Arnold Isaac’s review of my latest book, Anatomy of Failure: Why America Loses Every War It Starts, agrees with the thesis expressed in the title but then invents two straw men he calls gaps in the argument. The first is the alleged absence of a detailed critique of military advice that may have contributed to these failures. The second is greater explanation of why our allies failed us in Vietnam, Iraq, and Afghanistan.
Unfortunately, it seems that Mr. Isaacs failed to read the book’s conclusions and indeed the introduction and vignettes carefully. As General of the Army George Marshall noted, if policy aims and objectives are correct, a lieutenant can write the strategy. In the wars we lost—Vietnam, Iraq after 2003, and probably in Afghanistan—and in interventions that failed—Beirut and Grenada in 1983 and Libya in 2011—because the aims and objectives were simply wrong or unachievable and based on a gross lack of knowledge and understanding, no military campaign or strategy, however brilliant, could have succeeded. One fundamental problem has been the de facto or surrogate use of the military to accomplish tasks such as nation building that are far beyond its competence.
A more detailed military analysis might have satisfied Mr. Isaacs. But it would have been redundant and unnecessary. Indeed, in 1968 and 1972 in Vietnam, the US military routed the Tet Offensive and the Easter invasion, for which it received no credit. In 2003, the military campaign in Iraq was brilliant. Yet the military was told to get in and get out. The “what next” question was never asked or answered despite Secretary of Defense Donald Rumsfeld’s long memo to President George W. Bush before the Iraq War started of what could go wrong.
It was also clear why our “allies” failed us. We did not have sufficient cultural understanding and knowledge of their strengths and weaknesses. I repeatedly made this point amplified with personal vignettes about Vietnam, Iraq, and Afghanistan.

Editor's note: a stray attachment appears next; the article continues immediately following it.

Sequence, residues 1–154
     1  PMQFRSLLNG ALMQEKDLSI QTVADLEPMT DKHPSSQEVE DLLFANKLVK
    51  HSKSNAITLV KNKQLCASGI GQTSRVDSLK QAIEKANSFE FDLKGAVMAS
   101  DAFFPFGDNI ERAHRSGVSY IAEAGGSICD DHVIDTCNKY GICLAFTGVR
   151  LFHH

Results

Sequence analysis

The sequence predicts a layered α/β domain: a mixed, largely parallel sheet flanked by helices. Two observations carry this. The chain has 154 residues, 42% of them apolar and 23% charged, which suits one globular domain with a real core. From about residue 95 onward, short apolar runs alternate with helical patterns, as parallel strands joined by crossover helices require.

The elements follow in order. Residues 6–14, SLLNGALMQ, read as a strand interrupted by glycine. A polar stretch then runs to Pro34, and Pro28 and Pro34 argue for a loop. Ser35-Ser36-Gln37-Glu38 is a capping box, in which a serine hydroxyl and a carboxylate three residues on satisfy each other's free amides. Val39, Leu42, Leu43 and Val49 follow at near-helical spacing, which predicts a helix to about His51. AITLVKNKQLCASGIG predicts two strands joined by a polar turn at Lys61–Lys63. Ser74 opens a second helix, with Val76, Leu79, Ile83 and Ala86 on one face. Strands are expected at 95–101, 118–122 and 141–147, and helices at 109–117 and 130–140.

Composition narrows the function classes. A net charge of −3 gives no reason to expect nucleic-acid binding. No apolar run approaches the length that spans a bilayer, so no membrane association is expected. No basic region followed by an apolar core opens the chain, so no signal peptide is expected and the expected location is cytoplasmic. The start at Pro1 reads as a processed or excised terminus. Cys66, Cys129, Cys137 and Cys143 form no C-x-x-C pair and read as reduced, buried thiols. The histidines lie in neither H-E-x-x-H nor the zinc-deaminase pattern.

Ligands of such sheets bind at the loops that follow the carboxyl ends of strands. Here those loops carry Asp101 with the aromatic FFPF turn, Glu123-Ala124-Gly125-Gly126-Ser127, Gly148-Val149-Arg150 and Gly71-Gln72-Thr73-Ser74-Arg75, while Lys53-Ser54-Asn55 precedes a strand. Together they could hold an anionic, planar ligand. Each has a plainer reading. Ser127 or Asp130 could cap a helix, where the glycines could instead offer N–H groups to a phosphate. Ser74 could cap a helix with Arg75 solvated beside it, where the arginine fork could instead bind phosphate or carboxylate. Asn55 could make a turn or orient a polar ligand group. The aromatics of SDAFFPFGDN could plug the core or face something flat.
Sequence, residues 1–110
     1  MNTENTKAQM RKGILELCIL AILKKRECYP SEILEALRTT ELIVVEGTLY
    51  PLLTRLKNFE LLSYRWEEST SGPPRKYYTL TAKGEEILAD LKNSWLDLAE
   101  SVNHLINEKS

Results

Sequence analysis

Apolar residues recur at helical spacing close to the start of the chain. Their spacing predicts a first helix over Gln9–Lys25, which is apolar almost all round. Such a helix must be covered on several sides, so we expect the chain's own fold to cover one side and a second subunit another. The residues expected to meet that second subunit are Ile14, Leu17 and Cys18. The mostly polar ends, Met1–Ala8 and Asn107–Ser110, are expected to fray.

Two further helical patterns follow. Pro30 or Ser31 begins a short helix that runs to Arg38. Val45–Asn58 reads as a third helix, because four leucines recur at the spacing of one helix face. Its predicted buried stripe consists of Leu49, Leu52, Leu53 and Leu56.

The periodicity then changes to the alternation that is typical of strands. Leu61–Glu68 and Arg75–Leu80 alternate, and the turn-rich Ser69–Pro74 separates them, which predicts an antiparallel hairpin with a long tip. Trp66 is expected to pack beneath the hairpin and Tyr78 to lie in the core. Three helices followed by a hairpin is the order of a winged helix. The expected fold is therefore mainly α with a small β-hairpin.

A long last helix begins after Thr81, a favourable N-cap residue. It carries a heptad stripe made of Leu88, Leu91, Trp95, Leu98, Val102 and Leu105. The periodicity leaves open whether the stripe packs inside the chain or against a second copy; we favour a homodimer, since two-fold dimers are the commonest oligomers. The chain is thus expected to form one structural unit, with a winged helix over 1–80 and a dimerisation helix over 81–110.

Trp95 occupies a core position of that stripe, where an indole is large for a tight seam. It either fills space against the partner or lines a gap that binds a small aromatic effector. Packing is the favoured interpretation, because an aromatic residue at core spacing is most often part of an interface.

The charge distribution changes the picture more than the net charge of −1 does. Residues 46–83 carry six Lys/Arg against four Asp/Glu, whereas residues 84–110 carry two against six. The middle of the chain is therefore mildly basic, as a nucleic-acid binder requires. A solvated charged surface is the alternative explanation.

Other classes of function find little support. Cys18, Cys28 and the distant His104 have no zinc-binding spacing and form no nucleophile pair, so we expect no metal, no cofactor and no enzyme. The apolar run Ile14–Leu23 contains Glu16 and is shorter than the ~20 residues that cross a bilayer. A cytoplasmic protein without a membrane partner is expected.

With the book’s brains-based approach to strategic thinking as well its proposed recommendations—including separating the Joint Chiefs from the service chiefs to facilitate the delivering of purely strategic advice without service bias and placing a permanent red team in the NSC structure to challenge the assumptions on which policy is based—presidents would at least have a better chance of not repeating past mistakes.
The president is the chief executive and commander-in-chief. Too often, presidents from Kennedy to Trump—George H.W. Bush being a rare exception—ignored or were indifferent to sound strategic advice and criticism. In that regard, instead of referring to Mr. Isaacs, readers would be better advised to read part of the review of the book written by former UK Chief of the Defence Staff General The Lord Richards of Herstmonceux:
When former Secretaries of State General Colin Powell and John Kerry and former Supreme Allied Commander Europe Marine General Jim Jones . . . call Harlan Ullman’s Anatomy of Failure a “must read,” people should pay attention. And for those who worry about policy books being boring, in another blurb, House of Cards creator Lord Michael Dobbs deems Anatomy a combination of best selling thriller novelist Tom Clancy and Karl von Clausewitz. All are correct.
Image credit: Senior Airman Perry Aston, US Air Force